A now-corrected editorial by The New York Times erroneously linking former vice presidential candidate Sarah Palin to a 2011 mass shooting may have bordered on negligence, but did not constitute actual malice, a federal judge in Manhattan said in an order dismissing her defamation suit.
In a 26-page ruling issued on Tuesday, U.S. District Judge Jed Rakoff of the Southern District of New York said the June 14 editorial written in the immediate aftermath of a shooting in Virginia at a practice session for charity baseball game featuring Republican members of Congress contained a “few factual inaccuracies” that were “very rapidly corrected.”
“Negligence this may be,” Rakoff said. “But defamation of a public figure it is plainly not.”
Rakoff dismissed Palin’s suit for failing to prove actual malice on the part of the Times, generally a high hurdle for public figures to clear to bring defamation claims against media companies.
“Nowhere is political journalism so free, so robust or perhaps so rowdy as in the United States,” Rakoff said. “In the exercise of that freedom, mistakes will be made, some of which will be hurtful to others.”
Palin claimed the editorial in question, called “America’s Lethal Politics,” linked her to a 2011 shooting at a political event in Tucson, Arizona, at the hands of Jared Loughner. Six people were killed and U.S. Rep. Gabrielle Giffords, D-Arizona, was shot in the head but survived.
Prior to the shooting in Tucson, a political action committee controlled by Palin distributed a flier showing the geographic location of Giffords’ district and those of other elected officials under stylized crosshairs.
In the first published version of “America’s Lethal Politics,” the editorial erroneously stated the PAC’s flier featured crosshairs over the faces of Democratic lawmakers and that the “link to political incitement was clear” with regard to the shooting in Tucson.
The Times’ own reporting, and an ABC News story hyperlinked to the editorial, stated there was no link between the political literature and Loughner’s actions. The Times twice corrected the editorial.
At an evidentiary hearing held earlier this month, James Bennet, editor of the Times’ editorial board, explained editorial writer Elizabeth Williamson prepared the original draft of the editorial, but that he essentially re-wrote the piece.
In her complaint, Palin said attacks against her “inflame passions and thereby drive viewership and web clicks to media companies.”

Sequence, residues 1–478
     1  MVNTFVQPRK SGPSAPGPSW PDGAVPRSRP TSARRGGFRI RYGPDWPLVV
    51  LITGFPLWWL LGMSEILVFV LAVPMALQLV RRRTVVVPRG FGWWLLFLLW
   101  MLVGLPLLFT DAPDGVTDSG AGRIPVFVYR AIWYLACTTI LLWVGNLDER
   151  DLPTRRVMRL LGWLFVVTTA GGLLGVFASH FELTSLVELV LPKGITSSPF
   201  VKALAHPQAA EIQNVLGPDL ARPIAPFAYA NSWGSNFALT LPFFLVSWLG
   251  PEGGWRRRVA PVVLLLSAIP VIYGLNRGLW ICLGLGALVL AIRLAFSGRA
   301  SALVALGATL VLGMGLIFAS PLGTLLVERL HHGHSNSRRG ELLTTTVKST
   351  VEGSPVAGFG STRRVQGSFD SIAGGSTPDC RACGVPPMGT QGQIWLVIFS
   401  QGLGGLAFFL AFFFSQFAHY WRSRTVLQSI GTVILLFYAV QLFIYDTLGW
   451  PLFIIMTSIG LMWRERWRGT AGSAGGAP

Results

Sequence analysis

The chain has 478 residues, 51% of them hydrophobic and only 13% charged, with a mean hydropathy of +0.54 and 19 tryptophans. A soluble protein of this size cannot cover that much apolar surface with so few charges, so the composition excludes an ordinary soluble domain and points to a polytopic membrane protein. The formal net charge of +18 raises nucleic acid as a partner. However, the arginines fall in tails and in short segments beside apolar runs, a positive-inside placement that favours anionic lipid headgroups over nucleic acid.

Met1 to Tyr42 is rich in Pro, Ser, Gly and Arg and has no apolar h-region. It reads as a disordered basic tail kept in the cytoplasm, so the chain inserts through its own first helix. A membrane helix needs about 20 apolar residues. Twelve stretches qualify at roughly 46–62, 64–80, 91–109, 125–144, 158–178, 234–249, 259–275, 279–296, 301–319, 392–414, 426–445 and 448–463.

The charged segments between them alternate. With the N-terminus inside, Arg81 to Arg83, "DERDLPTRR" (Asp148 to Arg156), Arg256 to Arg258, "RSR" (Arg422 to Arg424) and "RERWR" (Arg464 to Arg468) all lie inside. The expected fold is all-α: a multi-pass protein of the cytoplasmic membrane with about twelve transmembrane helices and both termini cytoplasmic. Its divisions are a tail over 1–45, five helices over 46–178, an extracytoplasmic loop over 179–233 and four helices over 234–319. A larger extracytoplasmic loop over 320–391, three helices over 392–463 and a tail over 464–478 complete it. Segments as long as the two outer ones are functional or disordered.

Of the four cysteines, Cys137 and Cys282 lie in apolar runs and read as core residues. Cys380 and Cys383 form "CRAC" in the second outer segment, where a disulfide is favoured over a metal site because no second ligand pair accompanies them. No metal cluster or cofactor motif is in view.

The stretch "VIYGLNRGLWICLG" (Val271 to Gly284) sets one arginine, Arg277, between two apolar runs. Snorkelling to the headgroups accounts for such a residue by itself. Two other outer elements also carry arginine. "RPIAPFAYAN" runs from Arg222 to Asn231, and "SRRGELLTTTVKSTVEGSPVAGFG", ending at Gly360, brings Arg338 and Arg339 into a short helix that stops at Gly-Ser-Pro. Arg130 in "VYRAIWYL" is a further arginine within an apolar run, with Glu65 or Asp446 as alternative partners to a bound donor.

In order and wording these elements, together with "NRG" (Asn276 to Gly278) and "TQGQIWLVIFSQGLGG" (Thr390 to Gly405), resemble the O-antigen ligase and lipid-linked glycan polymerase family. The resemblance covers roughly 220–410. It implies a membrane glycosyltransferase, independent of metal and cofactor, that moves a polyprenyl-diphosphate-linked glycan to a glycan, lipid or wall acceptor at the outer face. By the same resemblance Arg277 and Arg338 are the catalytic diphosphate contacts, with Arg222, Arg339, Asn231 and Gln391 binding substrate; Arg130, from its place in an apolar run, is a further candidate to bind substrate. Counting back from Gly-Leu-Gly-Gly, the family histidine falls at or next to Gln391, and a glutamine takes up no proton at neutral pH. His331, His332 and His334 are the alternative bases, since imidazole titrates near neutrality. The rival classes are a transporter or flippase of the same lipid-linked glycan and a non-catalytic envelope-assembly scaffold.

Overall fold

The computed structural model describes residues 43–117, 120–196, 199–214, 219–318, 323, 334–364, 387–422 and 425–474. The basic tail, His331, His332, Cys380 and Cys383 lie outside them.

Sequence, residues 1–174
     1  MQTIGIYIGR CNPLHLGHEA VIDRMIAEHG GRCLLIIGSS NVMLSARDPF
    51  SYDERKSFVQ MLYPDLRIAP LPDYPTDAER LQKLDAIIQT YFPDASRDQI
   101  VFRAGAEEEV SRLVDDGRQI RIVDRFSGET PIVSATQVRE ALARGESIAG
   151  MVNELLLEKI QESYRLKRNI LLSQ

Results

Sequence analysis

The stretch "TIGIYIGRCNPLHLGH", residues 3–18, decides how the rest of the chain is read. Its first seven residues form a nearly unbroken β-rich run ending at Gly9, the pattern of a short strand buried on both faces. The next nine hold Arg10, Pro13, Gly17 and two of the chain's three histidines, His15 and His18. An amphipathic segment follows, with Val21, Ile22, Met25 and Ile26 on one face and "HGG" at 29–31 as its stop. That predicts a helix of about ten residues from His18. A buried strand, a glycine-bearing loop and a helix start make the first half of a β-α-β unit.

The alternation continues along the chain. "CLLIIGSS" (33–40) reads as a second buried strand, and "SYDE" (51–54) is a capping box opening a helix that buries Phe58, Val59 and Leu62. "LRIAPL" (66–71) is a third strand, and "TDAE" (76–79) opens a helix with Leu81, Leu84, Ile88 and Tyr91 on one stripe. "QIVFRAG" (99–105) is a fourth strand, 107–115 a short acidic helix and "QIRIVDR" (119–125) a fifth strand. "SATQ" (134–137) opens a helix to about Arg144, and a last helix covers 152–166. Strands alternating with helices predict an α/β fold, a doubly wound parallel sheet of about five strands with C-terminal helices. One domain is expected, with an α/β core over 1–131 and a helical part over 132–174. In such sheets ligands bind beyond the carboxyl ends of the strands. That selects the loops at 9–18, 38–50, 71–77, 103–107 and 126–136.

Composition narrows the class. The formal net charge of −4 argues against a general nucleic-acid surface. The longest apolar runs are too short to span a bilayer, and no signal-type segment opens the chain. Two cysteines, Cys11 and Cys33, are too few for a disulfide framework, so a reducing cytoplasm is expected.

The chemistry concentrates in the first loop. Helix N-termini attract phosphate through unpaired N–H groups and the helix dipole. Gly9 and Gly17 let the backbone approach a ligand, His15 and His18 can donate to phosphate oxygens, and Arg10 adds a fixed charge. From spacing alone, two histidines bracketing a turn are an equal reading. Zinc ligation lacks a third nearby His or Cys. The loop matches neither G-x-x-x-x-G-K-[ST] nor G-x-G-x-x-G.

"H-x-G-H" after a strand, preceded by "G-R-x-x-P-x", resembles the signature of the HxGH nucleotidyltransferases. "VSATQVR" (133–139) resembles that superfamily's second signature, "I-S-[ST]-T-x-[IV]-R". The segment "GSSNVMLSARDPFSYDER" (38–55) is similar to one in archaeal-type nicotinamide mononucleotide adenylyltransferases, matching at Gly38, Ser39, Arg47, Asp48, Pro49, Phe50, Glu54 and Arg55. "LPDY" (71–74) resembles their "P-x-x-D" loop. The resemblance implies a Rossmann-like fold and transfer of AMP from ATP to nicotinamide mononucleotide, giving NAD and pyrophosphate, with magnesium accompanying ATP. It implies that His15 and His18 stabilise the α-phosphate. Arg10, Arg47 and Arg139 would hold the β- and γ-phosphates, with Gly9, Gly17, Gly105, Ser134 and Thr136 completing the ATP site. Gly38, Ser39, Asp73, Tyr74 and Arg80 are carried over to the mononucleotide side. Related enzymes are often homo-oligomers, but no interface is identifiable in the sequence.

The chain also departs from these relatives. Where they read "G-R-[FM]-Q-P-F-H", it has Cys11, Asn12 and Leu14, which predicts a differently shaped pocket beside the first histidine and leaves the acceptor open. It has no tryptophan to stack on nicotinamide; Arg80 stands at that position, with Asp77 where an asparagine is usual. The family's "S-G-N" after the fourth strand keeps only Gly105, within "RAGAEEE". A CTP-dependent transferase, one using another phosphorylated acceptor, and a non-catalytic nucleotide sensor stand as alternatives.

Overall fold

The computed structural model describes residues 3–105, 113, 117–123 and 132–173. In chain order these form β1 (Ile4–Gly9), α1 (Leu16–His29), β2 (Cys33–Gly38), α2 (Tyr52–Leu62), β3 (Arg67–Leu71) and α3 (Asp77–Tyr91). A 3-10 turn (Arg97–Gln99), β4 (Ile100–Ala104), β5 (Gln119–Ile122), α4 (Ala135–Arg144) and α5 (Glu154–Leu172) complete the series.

Rakoff noted that it “goes without saying” that the Times’ editorial board is “not a fan” of Palin, but said there’s no evidence economic considerations entered Bennet’s mind when he rewrote it. If that were the case, Rakoff said, he would have taken steps like invoking Palin’s name additional times in the piece and promoting it on social media.
Jay Brown, Lee Levine, David Schulz and Michael Sullivan of Levine Sullivan Koch & Schulz appeared for the Times.
In a statement, a Times spokesperson said the company regrets the error but said Rakoff’s decision was a reminder of “our country’s deep commitment to a free press.”
“In the words of the court, ‘if political journalism is to achieve its constitutionally endorsed role of challenging the powerful, legal redress by a public figure must be limited’ to cases where there is something more than an honest mistake,” the statement reads.
Palin was represented by Kenneth Turkel and Shane Vogt of Tampa, Florida-based Bajo Cuva Cohen & Turkel, as well as Shawn Ricardo of Golenbock Eiseman Assor Bell & Peskoe.
For Turkel and Vogt, who did not respond to a request for comment, the suit was another legal attack on a well-known media company. They were part of the legal team representing pro wrestling star Hulk Hogan—whose real name is Terry Bollea—in a famous invasion of privacy suit against now defunct Gawker.
George Freeman, executive director of the Media Law Resource Center, said the outcome of the case was a victory for the U.S. Supreme Court’s 1964 holding in New York Times v. Sullivan, 376 U.S. 254, which provides the foundation for the actual malice test.
He said he saw some similarities in the fact patterns for Sullivan and Palin’s suit. Sullivan concerned a full-page ad in the Times that contained factual errors.
“It’s clear that a bad mistake was made, but it’s equally clear that it was not made maliciously or, as the Supreme Court held, with serious doubts about the authenticity of the article,” Freeman said.